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Actions speak louder than words

This article was originally published in the 2016 Winter Edition of AQ.

Good business has to be ingrained in every aspect of the organisation, not bolted on, says Eva Elmstedt, professional board director and winner of Women's Board Award 2016 in Sweden.

Companies have to keep 'good business' top of mind, but it is not something you 'bolt on' - the right values need to be embedded in the company's DNA. I've always been a bit annoyed by 'CSR departments', because they imply that CSR is something that only one part of the business 'does', and can mean that the rest of the company takes no responsibility for behaving well. In many cases CSR departments have seemed like a bit of a façade - particularly if they are headed by a woman, because that allows the company to 'tick the gender box' too. However, I wonder if we would have made as much progress as we have on corporate responsibility had we not had these CSR departments. CSR has got companies talking.

Leaders set the tone
Leaders - particularly the CEO and the board - are very important in creating the right culture and ensuring that good business practice happens throughout the organisation. I went to an event recently where a CEO was awarded 'leader of the year'. Since he took on the role 14 years ago shareholder value has risen 1,500%, and it seems no accident that he set out his intentions at the start to increase the gender balance, turn the company into 'a great place to work', be a respected brand and so on, and that the company has lived by those values ever since. Among other things, this company is the most popular choice for university graduates looking for a career in technology.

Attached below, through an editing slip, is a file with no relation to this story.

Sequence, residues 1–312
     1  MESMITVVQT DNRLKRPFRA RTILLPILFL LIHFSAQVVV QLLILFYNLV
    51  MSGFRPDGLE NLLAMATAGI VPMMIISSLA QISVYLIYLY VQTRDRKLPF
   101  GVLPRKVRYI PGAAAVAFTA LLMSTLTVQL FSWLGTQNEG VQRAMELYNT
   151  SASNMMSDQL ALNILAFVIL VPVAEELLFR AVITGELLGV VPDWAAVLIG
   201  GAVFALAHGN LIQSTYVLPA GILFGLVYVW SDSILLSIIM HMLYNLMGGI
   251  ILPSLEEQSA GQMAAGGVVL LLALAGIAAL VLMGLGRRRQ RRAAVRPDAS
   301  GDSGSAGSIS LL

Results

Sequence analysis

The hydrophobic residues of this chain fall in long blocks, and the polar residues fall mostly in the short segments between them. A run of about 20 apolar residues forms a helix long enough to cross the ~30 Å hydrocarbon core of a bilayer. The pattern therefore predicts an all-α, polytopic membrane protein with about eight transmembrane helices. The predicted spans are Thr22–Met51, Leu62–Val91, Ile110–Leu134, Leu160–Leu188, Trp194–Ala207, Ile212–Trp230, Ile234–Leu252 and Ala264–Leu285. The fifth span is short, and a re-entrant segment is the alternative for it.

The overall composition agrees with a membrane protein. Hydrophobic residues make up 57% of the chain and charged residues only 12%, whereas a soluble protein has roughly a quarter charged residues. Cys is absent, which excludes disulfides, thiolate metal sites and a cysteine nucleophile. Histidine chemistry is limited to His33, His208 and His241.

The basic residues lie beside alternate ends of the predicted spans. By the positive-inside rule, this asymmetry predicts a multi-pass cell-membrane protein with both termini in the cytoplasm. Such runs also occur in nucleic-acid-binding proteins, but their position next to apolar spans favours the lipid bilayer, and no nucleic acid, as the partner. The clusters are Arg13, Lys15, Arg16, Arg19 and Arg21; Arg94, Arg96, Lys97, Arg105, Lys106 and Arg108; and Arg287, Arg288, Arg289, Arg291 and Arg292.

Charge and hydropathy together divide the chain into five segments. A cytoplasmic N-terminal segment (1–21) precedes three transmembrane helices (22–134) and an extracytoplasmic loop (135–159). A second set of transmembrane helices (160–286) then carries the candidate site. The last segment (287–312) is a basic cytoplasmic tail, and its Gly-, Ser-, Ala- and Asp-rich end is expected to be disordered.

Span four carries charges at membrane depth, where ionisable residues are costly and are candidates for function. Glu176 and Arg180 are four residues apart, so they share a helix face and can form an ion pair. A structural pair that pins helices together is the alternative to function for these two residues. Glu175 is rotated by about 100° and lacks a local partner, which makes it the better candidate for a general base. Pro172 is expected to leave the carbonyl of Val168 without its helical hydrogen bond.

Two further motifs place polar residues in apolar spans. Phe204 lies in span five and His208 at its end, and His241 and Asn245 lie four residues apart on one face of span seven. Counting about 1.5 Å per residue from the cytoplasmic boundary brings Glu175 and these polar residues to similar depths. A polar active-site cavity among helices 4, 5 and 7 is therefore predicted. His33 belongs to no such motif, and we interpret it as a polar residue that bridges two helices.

My role is to represent the shareholders' interests - but that is not as simple as it sounds. If you don't treat all your stakeholders well it will affect shareholder value. Recent corporate history is littered with examples where bad practice in one part of the business comes to light and creates immediate and dramatic falls in shareholder value. It takes years to build a good reputation, and you can lose it overnight.

Being a good business and creating strong shareholder value are entirely compatible. Short cuts, designed to boost profits in the short term, are likely to damage the brand in the medium to long term. There is greater recognition of this now, and things have changed for the better - not least because of the growing consumer power afforded by the internet and, in particular, by social media. People will share their experiences and/or knowledge of a company instantly, and that has forced better practice. It seems that consumers may be prepared to pay a bit more for goods from a company with a good reputation, whereas if a company is found to be using child labour, for example, that affects perceptions and influences buying behaviour.

I think good business is perhaps more ingrained in the Nordic approach because of our tradition of social welfare, equal opportunities, good education and healthcare systems, and so on. We have a very good platform to build on. This is built into our culture, and it feeds into the way our companies operate. We're not perfect though. For example, despite the current focus on gender diversity, I still see organisational charts where there are no female names at senior levels.

Making the business case
For me, it is very important that good business is on the board agenda, that we discuss it, set targets for it and measure our progress against those targets. Being a good business is not about being 'nice', but about good business sense, and because money is the language of business, you have to make the business case to the board. Money talks.

Eva Elmstedt has been an independent board director for 12 years, and has held a series of senior executive roles in IT and telecoms companies including Nokia and Ericsson.

Posted on March 21, 2018 7:34 AM |